Trouble’s a bruin: B.C. photographer’s images of grappling grizzlies garner international acclaim

Two giant grizzly bears engaged in a territorial fight. (Wayne Duke photo)Two giant grizzly bears engaged in a territorial fight. (Wayne Duke photo)
A grizzly bear gets his meal. (Wayne Duke photo)A grizzly bear gets his meal. (Wayne Duke photo)
Two giant grizzly bears fight for the best fishing spot. (Wayne Duke photo)Two giant grizzly bears fight for the best fishing spot. (Wayne Duke photo)

Images from a Parksville wildlife photographer, who snapped photos of a pair of grizzly bears locked in a fierce battle, are garnering international media attention.

Wayne Duke’s photos recently caught the eye of the Daily Mail in Britain.

Duke, a regular contributor to the PQB News, captured the surly bruins growling at each other with their menacing teeth bared while in the Tahumming River in Toba Inlet.

He and four of his photographer friends chartered a boat from Campbell River for a day for the sole purpose of photographing grizzlies.

“I happened to come across a situation where two of them decided to do a little territorial dispute in the water,” Duke said. “I had some action shots of the two bears carrying on.”

The retired firefighter deals with a United Kingdom-based photo agency, which provides materials for publication in various newspapers, tabloids and magazines, including the Daily Mail.

“To witness the speed and sound of these two male grizzlies confronting each other over the best fishing spot for spawning salmon was incredible and breathtaking, even for a wildlife photographer,” said Duke.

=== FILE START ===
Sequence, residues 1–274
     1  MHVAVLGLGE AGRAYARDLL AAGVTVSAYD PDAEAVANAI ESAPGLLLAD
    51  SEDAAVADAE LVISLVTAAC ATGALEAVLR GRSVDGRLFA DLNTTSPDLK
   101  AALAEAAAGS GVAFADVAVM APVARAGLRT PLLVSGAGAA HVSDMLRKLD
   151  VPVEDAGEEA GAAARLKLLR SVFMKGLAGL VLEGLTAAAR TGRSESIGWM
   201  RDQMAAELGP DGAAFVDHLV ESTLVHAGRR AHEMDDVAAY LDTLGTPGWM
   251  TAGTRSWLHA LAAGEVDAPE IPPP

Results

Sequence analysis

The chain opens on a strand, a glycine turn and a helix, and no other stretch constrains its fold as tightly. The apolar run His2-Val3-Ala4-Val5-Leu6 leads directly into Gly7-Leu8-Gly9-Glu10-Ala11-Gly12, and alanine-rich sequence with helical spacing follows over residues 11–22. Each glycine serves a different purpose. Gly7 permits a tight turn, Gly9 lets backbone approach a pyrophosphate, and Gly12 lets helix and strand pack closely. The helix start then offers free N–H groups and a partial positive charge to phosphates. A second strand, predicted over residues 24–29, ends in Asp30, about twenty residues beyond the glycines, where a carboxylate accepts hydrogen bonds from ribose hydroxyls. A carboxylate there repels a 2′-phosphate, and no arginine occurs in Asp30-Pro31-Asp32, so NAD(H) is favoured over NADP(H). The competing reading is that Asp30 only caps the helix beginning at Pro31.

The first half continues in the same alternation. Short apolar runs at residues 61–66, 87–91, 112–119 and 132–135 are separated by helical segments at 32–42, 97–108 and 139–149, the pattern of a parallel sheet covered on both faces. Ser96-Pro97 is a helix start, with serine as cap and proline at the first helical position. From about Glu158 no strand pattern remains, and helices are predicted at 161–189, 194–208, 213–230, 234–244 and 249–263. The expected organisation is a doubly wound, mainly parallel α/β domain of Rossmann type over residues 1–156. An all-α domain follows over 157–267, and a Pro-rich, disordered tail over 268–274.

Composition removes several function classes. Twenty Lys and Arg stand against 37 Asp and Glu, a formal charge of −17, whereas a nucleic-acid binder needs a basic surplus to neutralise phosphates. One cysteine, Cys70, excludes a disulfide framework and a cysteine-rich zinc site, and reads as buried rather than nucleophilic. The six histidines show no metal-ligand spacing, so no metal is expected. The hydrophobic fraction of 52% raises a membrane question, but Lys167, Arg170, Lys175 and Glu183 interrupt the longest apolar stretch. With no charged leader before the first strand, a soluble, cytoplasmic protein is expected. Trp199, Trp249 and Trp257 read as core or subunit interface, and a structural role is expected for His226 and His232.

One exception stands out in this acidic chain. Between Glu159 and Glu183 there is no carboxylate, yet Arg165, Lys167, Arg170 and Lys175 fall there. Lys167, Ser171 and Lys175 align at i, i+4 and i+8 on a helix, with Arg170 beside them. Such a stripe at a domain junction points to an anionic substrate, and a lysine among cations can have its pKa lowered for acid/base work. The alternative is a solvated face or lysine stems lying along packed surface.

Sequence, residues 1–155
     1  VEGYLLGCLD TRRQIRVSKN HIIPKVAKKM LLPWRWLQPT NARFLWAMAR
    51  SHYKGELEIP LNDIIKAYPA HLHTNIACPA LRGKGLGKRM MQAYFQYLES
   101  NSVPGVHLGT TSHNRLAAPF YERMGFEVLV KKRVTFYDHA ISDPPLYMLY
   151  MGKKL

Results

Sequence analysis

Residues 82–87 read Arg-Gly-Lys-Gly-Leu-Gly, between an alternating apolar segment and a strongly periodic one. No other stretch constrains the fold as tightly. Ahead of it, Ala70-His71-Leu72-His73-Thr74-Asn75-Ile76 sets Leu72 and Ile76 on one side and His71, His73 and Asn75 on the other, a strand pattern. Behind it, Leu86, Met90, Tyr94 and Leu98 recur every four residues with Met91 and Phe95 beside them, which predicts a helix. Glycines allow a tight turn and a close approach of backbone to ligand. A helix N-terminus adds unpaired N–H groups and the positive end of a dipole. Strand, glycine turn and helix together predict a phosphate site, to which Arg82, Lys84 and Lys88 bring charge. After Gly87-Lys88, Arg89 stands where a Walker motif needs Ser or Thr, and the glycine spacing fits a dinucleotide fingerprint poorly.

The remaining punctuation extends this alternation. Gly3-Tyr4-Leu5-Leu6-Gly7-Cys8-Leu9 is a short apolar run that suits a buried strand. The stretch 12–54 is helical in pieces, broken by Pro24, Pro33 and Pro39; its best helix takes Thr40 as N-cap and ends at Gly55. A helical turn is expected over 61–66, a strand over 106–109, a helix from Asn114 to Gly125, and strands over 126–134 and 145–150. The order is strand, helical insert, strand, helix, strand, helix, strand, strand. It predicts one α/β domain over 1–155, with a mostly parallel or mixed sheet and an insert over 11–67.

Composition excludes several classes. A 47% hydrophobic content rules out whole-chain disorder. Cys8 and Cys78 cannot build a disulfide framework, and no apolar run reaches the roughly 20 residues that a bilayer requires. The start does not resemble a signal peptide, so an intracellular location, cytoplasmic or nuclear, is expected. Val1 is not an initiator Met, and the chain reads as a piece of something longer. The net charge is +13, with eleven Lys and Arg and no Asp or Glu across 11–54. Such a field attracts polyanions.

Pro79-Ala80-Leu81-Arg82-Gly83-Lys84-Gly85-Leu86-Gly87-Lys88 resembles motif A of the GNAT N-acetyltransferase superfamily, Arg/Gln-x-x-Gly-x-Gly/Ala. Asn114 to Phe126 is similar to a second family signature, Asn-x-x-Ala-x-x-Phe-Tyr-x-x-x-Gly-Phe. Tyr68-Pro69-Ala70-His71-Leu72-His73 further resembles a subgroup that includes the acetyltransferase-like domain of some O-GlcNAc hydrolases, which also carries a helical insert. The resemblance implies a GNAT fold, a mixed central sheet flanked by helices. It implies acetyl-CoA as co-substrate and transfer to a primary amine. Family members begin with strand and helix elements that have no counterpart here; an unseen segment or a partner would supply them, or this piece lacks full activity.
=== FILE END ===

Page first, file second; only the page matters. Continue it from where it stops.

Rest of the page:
READ MORE: Close encounter with angry cougar no garden party for Qualicum Beach

Grizzly bears are just one of the many wildlife creatures that Duke focuses on. His subjects include orcas, sea lions, foxes, mandarin and female wood ducks and more.

“Those are a few things that I am presently working on,” said Duke.

His passion for photographing wildlife has led him around the world to locations including Africa, Mexico and Europe.

“When an opportunity presents itself and I can do it, I will try to capture any wildlife that jumps in front of my lenses,” said Duke, a self-taught photographer.

Depending on where he goes, he said the quest is always exciting but there are also potential perils.

“You should know or have some sort of an idea of what you’re getting yourself into,” said Duke. “Always have a safe route in and out and know the animals you’re dealing with. There’s nothing that says their habits can’t change instantly. You have to be aware especially when the bears are feeding in the fall. A lot of the times they’re more concern about filling their bellies than they are with people. But things can happen if you are in the wrong spot.”